Sunday: Trail run, 3:48, 18.3 miles, 3,334 feet climbing. I spent the first five miles catching up with my friend Martina. She split off and I continued toward Black Mountain at a comfortable zone 2 pace, walking when necessary rather than spiking my heart rate. As I hiked, I became unreasonably annoyed at how drenched in sweat my shirt and hair were, and about the sunscreen-laced sweat stinging my eyes, and the fact it was 80-something degrees on November 1, and I hate summer so much summer makes me sick and slow why is it always always summer here ... (trailing off into grumbling.) Then I ate a packet of applesauce and felt a whole lot better. Heh. Most of that temper tantrum erupted from low blood sugar, but I do struggle mentally with just how many months of the year are full-on hot here. The Bay Area has a lot going for it, and I'm not unhappy with my location, but yes, it's a challenge. I'm like a winter-hater in Minnesota, except a lot fewer people can relate to how I feel. And I did run out of water, again, about three miles before a planned stop at a fountain. But I'd already had my temper tantrum, and running out of water was my fault rather than something I couldn't control, so I sucked it up and kept running.

Total: 15:29, 91.7 miles ride, 30.9 miles run, 17,635 feet climbing. These last two weeks have been fairly tough, in good ways. I've been sleeping well and feel energetic in the evening ... once these factors change, I know I need to dial something back. Beat is finally coming out of his pneumonia fog, although he may still be a ways out from feeling up to hard efforts. I'm proud of how well he's taking care of himself ... I certainly didn't do as well back in July.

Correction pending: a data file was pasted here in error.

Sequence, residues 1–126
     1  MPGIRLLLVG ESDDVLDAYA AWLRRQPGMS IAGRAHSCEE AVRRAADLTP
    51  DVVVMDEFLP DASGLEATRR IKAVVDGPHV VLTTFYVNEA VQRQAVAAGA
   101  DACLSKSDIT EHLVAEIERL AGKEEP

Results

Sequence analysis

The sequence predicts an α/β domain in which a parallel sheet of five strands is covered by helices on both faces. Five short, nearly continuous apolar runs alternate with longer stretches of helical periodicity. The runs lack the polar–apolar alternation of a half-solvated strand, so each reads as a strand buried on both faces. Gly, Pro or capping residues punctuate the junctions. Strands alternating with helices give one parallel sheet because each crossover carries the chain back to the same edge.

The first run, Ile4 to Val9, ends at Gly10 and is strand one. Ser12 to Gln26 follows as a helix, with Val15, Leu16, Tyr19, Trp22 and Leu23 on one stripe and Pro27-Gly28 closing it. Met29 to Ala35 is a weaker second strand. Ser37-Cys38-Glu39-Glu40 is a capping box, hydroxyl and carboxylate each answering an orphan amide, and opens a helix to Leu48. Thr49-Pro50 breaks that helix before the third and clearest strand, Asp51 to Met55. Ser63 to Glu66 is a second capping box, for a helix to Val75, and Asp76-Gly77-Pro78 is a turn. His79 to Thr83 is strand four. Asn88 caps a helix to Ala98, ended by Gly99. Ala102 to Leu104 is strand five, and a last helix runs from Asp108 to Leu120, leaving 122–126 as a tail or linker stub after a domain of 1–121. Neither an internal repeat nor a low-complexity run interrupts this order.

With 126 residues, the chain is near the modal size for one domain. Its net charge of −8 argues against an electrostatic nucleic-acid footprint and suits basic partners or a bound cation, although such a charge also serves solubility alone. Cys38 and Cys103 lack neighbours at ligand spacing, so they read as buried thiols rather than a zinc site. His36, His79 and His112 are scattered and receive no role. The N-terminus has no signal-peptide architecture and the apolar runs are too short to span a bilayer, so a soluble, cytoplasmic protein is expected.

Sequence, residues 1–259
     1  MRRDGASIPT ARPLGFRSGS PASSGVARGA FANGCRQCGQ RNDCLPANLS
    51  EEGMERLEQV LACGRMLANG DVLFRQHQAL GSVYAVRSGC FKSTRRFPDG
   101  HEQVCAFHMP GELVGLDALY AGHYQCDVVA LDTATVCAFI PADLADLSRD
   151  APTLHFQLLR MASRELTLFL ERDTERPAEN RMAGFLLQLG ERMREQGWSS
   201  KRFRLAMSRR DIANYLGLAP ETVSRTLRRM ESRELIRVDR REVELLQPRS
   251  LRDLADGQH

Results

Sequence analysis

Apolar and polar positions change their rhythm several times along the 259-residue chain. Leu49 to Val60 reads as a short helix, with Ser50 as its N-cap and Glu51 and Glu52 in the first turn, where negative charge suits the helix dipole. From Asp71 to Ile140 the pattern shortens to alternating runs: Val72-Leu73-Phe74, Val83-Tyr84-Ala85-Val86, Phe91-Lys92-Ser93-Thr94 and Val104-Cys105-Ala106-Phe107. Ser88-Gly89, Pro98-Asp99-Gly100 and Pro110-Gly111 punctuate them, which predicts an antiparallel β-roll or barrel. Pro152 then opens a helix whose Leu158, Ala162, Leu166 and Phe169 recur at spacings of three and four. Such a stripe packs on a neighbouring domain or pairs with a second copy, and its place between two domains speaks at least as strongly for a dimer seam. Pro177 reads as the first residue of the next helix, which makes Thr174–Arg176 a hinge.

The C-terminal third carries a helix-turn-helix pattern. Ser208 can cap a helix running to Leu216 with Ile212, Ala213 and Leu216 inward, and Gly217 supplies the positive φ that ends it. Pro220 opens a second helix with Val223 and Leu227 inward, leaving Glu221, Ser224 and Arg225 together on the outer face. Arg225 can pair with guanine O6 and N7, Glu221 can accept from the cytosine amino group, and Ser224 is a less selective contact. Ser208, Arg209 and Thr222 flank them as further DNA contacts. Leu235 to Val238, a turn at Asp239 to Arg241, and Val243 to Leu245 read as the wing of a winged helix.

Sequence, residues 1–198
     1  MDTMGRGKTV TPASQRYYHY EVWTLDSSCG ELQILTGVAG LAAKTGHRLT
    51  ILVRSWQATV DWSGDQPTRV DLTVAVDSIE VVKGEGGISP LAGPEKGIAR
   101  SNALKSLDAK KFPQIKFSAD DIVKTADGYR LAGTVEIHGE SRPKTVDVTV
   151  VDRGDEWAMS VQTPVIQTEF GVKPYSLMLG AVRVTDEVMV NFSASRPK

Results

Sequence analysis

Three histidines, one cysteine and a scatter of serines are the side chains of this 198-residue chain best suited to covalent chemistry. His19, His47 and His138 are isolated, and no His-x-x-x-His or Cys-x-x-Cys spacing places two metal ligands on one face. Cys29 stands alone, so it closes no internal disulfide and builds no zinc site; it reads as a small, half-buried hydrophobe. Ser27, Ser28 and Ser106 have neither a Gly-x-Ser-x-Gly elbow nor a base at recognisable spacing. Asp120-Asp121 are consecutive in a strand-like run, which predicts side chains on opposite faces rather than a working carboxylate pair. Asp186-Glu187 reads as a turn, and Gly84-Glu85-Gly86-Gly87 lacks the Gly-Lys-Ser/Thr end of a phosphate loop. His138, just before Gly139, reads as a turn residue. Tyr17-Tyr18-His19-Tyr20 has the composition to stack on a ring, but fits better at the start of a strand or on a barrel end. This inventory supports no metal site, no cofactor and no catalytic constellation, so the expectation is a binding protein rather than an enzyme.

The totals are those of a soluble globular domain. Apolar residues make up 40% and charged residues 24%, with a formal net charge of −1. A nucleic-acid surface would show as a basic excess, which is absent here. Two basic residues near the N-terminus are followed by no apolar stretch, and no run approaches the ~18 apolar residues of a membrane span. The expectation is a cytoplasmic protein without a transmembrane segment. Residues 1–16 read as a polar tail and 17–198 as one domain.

I will take it easier next week ahead of 100 Miles of Nowhere on Saturday, probably not much running. But I'm especially excited about how great I felt on the bike this week. That is, with the exception of riding Montebello Road specifically, where jitters are getting the best of me. I haven't been this nervous about performance before a non-race in a long time. 

4 comments:

  1. I certainly don't know everything but I have learned it's better to lift first. When you do cardiovascular first, especially at the rate you do, you don't have much left to give. Also, I never used to do leg work in the gym either. I am paying for that now. Sone muscles become stronger as we do our running/hiking/biking and others stay weak, thus I am dealing with a possible ITB/quad imbalance thing right now. Squats are the best, possibly.

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    1. Tips are always appreciated! I have this idea for an off-season gym routine that centers around body weight, free weight, and core work, 3-4 times a week. I'd still do my fun weekend outings but perhaps less time outdoors during the week, during the allergy and grumpy heat season.

      I frequently develop IT-band irritation that most likely stems from extremely tight hamstrings. Most of my running issues, including my tendency toward "slurring" my feet and tripping and falling, probably centers on my hamstrings. I've wondered, if I became really disciplined about a stretching or yoga program, how much that might help. Again, all these are "off season" ambitions, as it's just a little too much to do this on top of trying to build up my endurance, which past experience has shown me needs volume over anything else. Once ITI is over, we'll see if I can avoid the lure of a summer race and really try to focus on wellness. :)

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  2. So glad to hear your bike training is going well and you are having fun on the bike again!! More snow this weekend and this coming week in Fairbanks. I'm bummed I can't get out yet to enjoy it but trails are starting to shape up nicely. Can't wait to hear your 100 MoN report. You can do it! Wish I was going to be there to do it with you (although not sure I could deal with the 80 degree weather). Have fun!

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  3. For you weight training, might I suggest you find a copy of the "Body for Life" book. It's a little older, but, does provide a good introduction and logical sequence to strength training for newbies to the stuff. Yes, there's quite a bit of "cheesy" with the book. But it does explain weight/strength training and provides decent variety.